Earlier this year I wrote about dogs trained to find animal droppings for environmental research. More and more canines are being used to help scientists study endangered species and habitat loss. The role of the dog in this type of research is incredible.
The preservation of two species in Oregon can thank a Belgian Sheepdog named Rogue and his highly sensitive nose. Rogue is trained to seek out a rare plant called the Kincaid's lupine. Not only is this plant endangered, but it happens to be the one place where the elusive Fender's blue butterfly lays its eggs.
The one-inch wide butterfly lays one egg at a time, on the back of a Kincaid's lupine leaf. Each egg is no larger than the head of a pin. On top of that, the Kincaid's lupine's peak flowering period is only two weeks long. So as you can imagine, they're near impossible to find.
When Greg Fitzpatrick, Corvallis Land Steward for the Nature Conservatory in Oregon, read about using dogs to track rare turtles, he knew the working canines could be the key to helping the Kincaid's lupine and the Fender's blue butterfly. Fitzpatrick approached Dave Vesely, the executive director of the Oregon Wildlife Institute, and Debbie Smith of the Working Dogs for Conservation Foundation with his idea.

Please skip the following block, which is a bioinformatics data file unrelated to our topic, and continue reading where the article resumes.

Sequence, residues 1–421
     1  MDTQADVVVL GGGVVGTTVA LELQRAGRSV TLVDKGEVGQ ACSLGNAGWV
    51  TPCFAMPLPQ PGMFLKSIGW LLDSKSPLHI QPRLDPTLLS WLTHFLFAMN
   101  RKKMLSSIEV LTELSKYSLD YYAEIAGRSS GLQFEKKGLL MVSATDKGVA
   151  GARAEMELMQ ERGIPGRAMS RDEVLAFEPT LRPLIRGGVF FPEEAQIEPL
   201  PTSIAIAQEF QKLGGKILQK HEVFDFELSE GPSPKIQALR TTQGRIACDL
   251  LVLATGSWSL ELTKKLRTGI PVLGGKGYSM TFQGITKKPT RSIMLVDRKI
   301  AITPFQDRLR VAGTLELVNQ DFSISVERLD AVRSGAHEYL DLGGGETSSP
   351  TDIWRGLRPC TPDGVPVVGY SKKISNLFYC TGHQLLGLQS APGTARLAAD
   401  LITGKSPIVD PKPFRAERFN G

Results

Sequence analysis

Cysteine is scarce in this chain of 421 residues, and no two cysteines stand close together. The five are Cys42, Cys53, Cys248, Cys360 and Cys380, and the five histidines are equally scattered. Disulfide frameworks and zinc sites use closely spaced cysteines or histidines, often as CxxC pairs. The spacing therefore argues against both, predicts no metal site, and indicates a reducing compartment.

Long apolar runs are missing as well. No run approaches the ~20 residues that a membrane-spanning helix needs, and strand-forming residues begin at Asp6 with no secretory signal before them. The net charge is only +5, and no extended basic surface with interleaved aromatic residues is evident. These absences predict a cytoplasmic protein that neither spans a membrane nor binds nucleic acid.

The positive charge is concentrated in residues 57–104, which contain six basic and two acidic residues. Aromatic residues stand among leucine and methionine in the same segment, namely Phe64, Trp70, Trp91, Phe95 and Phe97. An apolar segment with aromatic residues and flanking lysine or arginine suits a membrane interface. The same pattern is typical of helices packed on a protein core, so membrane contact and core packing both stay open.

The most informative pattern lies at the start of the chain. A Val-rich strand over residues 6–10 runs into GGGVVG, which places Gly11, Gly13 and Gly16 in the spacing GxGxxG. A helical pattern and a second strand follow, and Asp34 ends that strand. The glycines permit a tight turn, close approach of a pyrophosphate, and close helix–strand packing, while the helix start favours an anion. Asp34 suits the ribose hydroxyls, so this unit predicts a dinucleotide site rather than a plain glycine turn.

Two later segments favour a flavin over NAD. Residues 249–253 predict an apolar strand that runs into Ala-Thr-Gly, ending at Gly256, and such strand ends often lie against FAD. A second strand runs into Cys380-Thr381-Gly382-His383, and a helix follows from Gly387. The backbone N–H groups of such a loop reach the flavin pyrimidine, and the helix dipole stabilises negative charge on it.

They soon discovered that dogs were incredible at the job. While some humans can detect the odor of lupine when they are flowering, canines can find the plants with or without flowers, and can cover an impressive area of land in a little amount of time.
Vesely plans to submit details of their work to a journal of conservation biology to share the program's success.